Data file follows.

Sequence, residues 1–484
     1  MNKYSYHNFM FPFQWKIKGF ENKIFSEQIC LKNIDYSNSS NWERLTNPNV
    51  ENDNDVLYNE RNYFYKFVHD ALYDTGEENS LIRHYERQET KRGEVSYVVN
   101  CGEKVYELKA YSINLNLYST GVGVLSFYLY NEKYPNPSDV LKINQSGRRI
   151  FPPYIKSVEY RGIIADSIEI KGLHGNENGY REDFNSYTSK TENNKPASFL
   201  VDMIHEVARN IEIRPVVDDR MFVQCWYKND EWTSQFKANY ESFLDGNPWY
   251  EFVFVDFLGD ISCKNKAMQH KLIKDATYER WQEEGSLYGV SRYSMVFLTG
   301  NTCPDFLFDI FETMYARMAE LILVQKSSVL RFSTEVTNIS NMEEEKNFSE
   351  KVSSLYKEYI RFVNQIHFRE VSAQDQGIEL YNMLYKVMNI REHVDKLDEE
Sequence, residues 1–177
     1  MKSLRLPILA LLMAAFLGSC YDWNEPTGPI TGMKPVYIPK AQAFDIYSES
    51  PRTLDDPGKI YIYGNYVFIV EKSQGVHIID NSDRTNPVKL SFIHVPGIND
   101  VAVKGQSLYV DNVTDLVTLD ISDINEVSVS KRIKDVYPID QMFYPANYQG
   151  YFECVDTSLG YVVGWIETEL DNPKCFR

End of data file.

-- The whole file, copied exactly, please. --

Sequence, residues 1–484
     1  MNKYSYHNFM FPFQWKIKGF ENKIFSEQIC LKNIDYSNSS NWERLTNPNV
    51  ENDNDVLYNE RNYFYKFVHD ALYDTGEENS LIRHYERQET KRGEVSYVVN
   101  CGEKVYELKA YSINLNLYST GVGVLSFYLY NEKYPNPSDV LKINQSGRRI
   151  FPPYIKSVEY RGIIADSIEI KGLHGNENGY REDFNSYTSK TENNKPASFL
   201  VDMIHEVARN IEIRPVVDDR MFVQCWYKND EWTSQFKANY ESFLDGNPWY
   251  EFVFVDFLGD ISCKNKAMQH KLIKDATYER WQEEGSLYGV SRYSMVFLTG
   301  NTCPDFLFDI FETMYARMAE LILVQKSSVL RFSTEVTNIS NMEEEKNFSE
   351  KVSSLYKEYI RFVNQIHFRE VSAQDQGIEL YNMLYKVMNI REHVDKLDEE
Sequence, residues 1–177
     1  MKSLRLPILA LLMAAFLGSC YDWNEPTGPI TGMKPVYIPK AQAFDIYSES
    51  PRTLDDPGKI YIYGNYVFIV EKSQGVHIID NSDRTNPVKL SFIHVPGIND
   101  VAVKGQSLYV DNVTDLVTLD ISDINEVSVS KRIKDVYPID QMFYPANYQG
   151  YFECVDTSLG YVVGWIETEL DNPKCFR